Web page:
Compare any two graphics cards:
Radeon HD 6870 vs Radeon RX 460
IntroThe Radeon HD 6870 features core clock speeds of 900 MHz on the GPU, and 1050 MHz on the 1024 MB of GDDR5 memory. It features 1120 SPUs along with 56 Texture Address Units and 32 Rasterization Operator Units.
Compare all of that to the Radeon RX 460, which has a GPU core clock speed of 1090 MHz, and 4096 MB of GDDR5 RAM set to run at 1750 MHz through a 128-bit bus. It also is made up of 896 Stream Processors, 56 Texture Address Units, and 16 Raster Operation Units.
Power Usage and Theoretical Benchmarks
Power Consumption (Max TDP)
As far as performance goes, the Radeon HD 6870 should theoretically be a bit better than the Radeon RX 460 in general. (explain)
Texel RateThe Radeon RX 460 will be quite a bit (about 21%) more effective at anisotropic filtering than the Radeon HD 6870. (explain)
Pixel RateIf using lots of anti-aliasing is important to you, then the Radeon HD 6870 is superior to the Radeon RX 460, by far. (explain)
Please note that the above 'benchmarks' are all just theoretical - the results were calculated based on the card's specifications, and real-world performance may (and probably will) vary at least a bit.
Radeon HD 6870
Radeon RX 460
Memory Bandwidth: Bandwidth is the largest amount of information (measured in megabytes per second) that can be moved across the external memory interface in one second. The number is worked out by multiplying the bus width by its memory clock speed. If the card has DDR RAM, the result should be multiplied by 2 once again. If it uses DDR5, multiply by 4 instead. The better the bandwidth is, the better the card will be in general. It especially helps with AA, HDR and high resolutions.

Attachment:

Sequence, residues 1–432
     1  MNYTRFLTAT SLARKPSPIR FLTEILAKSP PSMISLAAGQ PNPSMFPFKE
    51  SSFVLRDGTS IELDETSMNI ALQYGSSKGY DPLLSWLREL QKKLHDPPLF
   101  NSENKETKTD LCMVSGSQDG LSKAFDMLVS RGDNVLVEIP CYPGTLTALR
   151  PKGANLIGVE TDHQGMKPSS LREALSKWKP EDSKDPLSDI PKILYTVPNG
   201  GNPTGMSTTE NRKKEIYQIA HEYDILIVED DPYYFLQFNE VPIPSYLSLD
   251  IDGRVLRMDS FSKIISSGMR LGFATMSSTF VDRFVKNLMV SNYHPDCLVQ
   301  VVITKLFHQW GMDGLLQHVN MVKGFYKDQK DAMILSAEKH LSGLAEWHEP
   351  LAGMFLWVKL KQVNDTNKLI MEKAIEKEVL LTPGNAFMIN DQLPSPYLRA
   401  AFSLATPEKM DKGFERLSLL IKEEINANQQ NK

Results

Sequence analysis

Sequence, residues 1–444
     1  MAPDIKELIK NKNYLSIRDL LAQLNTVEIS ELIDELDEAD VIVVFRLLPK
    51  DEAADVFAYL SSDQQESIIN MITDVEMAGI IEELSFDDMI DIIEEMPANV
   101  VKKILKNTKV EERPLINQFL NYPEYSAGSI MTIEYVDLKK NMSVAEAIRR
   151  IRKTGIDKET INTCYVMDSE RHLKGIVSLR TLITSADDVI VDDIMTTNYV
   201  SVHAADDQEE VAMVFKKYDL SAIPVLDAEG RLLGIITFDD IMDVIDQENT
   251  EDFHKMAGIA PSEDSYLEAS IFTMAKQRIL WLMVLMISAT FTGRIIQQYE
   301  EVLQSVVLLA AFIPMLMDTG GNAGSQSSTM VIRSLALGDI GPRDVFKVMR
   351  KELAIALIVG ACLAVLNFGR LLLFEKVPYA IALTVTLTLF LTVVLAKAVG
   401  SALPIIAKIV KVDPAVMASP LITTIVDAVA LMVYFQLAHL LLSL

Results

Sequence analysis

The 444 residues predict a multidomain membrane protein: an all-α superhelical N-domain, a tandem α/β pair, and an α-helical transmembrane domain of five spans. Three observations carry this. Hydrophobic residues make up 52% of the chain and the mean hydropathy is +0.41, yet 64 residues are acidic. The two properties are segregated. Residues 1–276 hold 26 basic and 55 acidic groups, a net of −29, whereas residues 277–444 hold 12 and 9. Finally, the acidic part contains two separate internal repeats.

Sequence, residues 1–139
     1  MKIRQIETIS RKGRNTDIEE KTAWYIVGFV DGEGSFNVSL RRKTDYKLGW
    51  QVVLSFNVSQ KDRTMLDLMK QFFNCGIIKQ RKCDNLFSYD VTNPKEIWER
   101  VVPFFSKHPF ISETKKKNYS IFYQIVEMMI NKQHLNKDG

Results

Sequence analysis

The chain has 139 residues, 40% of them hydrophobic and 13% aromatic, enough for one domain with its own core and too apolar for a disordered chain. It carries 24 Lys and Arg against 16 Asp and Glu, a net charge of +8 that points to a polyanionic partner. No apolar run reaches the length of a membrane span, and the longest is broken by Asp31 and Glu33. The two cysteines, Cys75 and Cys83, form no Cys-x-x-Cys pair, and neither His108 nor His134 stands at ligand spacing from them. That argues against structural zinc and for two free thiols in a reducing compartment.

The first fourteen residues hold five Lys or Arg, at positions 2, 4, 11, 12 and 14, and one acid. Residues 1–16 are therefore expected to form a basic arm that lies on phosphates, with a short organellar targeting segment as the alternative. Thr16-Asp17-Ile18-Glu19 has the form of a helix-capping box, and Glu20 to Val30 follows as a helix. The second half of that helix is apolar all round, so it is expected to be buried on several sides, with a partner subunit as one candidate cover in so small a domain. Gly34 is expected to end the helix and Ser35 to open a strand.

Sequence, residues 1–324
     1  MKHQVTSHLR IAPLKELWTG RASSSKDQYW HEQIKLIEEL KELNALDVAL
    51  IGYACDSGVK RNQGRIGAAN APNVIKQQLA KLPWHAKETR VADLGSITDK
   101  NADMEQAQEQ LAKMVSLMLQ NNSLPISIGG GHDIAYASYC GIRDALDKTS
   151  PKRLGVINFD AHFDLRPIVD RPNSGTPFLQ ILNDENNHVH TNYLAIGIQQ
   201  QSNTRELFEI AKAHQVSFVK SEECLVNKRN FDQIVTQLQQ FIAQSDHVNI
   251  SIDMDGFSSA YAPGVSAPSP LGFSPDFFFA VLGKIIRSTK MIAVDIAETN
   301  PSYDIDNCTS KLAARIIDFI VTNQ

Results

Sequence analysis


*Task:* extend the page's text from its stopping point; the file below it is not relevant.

Texel Rate: Texel rate is the maximum amount of texture map elements (texels) that are applied in one second. This number is worked out by multiplying the total texture units by the core speed of the chip. The higher the texel rate, the better the video card will be at texture filtering (anisotropic filtering - AF). It is measured in millions of texels processed in one second.
Pixel Rate: Pixel rate is the most pixels that the graphics chip could possibly record to its local memory in a second - measured in millions of pixels per second. Pixel rate is worked out by multiplying the amount of Render Output Units by the the core speed of the card. ROPs (Raster Operations Pipelines - sometimes also referred to as Render Output Units) are responsible for drawing the pixels (image) on the screen. The actual pixel fill rate is also dependant on lots of other factors, most notably the memory bandwidth of the card - the lower the bandwidth is, the lower the ability to get to the max fill rate.
Radeon HD 6870
Radeon RX 460